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agenda when we have to sit back and look at, did he have any computer records. did he talk to people about how much he hated planned parenthood? are there people that know him in the community? have they had prior problems with him? these are things that have to come out before planned parenthood goes and makes these statements? it makes them look similar to president obama when he comes out and instead of looking at the issue, he goes straight to gun violence. we have to start looking, i suggest anybody involved with this u can say this is a possibility but you can't link it to anything yet, because it just makes you look just as bad as this guy's potential ideology. >> jonathan gilliam, i always appreciate you insight. thank you for being with us. >> you got it. >> victor? looking ahead to the race for 2016. a big weekend. no stranger to controversy. donald trump, doing well in the polls. he is at the top, and has been for more than 100 days, despite
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criticism of speaking about a journalist with a disable. we are going to take you live to florida where he is going to hold his first rally since making those comments and gestures later, the fight to stop isis. russia says it isily withing w partner with the west in syria but with some conditions. what are they? more "stay" per roll.
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the house thought she let the family down. but the family just didn't think a flood could ever happen. the reality is, floods do happen. protect what matters. get flood insurance. call the number on your screen to learn more. soon, republican presidential candidate donald trump is going to hold a large rally in the sunshine state. live pictures as the ladies are warming up the crowd there in sarasota. sss this comes as trump is on the wave of the new controversy. athena jones is there in the room. this is the first time we hear from donald trump since making those comments and gestures.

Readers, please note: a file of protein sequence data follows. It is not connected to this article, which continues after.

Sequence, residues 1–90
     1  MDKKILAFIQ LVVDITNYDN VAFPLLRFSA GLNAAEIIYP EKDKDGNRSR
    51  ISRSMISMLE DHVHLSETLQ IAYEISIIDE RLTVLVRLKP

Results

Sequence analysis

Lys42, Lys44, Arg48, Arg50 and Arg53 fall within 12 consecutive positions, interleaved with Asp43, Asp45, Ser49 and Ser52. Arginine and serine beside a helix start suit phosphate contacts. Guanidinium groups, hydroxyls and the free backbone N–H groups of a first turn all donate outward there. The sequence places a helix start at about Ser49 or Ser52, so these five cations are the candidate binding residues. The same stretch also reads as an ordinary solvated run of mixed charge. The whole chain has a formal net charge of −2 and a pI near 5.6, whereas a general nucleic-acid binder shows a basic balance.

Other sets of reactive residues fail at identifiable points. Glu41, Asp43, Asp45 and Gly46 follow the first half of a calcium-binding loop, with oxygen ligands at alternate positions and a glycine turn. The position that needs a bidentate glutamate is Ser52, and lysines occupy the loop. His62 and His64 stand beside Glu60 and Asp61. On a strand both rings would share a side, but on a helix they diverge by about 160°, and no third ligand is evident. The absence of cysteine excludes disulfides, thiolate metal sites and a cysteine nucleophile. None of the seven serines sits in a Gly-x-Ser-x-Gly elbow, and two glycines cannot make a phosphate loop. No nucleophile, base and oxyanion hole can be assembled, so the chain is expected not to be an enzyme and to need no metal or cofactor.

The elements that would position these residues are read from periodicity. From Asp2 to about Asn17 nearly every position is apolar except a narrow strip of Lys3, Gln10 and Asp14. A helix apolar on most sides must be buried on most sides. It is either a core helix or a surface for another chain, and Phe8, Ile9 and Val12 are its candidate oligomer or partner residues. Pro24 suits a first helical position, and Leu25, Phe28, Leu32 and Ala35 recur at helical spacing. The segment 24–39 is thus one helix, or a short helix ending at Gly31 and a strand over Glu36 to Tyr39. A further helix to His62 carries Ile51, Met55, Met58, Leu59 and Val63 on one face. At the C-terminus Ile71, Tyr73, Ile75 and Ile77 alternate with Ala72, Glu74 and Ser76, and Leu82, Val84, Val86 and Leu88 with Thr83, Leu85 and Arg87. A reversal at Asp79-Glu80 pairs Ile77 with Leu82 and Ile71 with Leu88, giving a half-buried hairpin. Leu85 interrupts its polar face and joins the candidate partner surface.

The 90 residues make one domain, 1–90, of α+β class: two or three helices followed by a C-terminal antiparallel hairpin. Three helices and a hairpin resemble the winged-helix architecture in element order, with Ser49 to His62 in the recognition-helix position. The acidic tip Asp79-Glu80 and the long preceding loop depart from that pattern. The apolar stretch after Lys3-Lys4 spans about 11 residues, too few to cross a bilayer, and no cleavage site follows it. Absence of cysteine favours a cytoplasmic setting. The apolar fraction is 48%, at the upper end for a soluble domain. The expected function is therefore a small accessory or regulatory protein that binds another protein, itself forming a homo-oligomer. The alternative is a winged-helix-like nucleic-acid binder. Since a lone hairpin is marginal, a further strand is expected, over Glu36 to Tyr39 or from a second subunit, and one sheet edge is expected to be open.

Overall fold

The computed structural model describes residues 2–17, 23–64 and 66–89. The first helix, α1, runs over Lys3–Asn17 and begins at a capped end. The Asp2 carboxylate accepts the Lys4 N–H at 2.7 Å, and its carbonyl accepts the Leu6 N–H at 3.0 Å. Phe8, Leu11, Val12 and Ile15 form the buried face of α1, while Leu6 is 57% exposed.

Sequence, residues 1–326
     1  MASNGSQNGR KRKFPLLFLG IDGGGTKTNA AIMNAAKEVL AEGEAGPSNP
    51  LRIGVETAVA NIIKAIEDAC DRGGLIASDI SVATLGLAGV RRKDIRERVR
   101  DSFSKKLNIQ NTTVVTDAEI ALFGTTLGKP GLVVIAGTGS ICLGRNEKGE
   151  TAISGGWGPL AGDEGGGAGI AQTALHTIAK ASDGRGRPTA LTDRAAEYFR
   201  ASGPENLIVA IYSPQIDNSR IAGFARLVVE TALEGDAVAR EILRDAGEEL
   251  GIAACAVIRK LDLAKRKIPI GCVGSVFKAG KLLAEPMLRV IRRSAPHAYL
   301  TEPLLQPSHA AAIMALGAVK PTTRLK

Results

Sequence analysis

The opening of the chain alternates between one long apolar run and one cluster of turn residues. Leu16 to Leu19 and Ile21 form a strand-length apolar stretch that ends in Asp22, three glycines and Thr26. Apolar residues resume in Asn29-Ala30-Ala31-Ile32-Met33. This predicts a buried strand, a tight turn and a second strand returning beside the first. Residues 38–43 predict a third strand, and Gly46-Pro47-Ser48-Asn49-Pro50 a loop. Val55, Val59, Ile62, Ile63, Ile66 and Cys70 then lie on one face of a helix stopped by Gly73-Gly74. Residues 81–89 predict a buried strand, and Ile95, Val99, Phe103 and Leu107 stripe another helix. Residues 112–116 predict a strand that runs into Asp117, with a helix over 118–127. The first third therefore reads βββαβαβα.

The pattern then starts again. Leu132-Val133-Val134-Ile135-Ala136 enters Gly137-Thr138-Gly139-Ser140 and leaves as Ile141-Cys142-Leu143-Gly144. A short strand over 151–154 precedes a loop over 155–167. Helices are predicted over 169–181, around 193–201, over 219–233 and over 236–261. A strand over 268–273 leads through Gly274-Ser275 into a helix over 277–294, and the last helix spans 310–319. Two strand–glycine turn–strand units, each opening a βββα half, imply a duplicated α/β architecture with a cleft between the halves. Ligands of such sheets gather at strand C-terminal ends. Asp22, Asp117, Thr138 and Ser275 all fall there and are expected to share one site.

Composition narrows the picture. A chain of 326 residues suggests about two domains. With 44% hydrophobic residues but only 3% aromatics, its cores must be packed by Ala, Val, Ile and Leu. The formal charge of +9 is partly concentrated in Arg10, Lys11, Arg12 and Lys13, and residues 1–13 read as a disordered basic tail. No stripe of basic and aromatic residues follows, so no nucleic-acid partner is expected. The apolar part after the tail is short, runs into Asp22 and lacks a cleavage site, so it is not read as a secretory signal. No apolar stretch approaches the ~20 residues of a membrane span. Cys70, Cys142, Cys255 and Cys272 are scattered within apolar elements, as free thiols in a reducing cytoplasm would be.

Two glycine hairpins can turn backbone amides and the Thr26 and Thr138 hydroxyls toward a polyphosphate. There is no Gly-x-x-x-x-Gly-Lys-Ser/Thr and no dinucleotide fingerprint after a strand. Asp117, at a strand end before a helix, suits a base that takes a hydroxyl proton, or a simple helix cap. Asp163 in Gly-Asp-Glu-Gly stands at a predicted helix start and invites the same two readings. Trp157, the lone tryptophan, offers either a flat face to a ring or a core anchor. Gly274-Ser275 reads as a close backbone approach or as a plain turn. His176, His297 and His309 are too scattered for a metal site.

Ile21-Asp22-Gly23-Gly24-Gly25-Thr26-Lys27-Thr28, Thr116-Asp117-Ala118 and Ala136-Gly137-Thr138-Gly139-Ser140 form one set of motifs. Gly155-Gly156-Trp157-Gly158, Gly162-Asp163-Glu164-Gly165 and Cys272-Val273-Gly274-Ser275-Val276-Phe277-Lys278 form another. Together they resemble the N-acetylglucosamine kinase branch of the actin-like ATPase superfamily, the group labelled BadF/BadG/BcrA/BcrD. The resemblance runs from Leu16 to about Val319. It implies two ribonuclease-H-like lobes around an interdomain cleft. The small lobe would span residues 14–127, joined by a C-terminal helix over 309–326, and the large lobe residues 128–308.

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>> reporter: that's right, victor. we are here waiting for this event to start in an hour and a half. folks have been lining up for the past five hours. after this, we will be watching and listening closely to anything trump may have to say about this latest dust-up. he is not someone who shies away from controversy. sometimes it seems to be his campaign strategy, talking tough, slamming the media and saying and doing things that get him a lot of attention. so far, it seems to be working for him. >> the latest donald trump firestorm. erupting after he seemed to mock the physical disability of surge covary lesssky who has a condition that limits the movement of his arms. >> the poor guy, you have to see this guy, i don't know what i said. i don't remember. he is going, i don't remember. maybe that's what i said. though, he called him a nice
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reporter. the gop front-runner says he doesn't remember kovalsky. despite having one of the all-time great memories. he says, he didn't know about his condition and accused him of using his disability to, quote, grandstand. ko kovalesky disputing his claim not to know him. he said he spoke to him a dozen times as a reporter for the new york daily news. donald and i were on a first-name basis for years. i have sint viewed him in my office. >> he repeatedly cited a story ko kovalesky in 2 1240u001 that he thousands of muslims celebrating the attacks in new jersey. kovalesky said he did not recall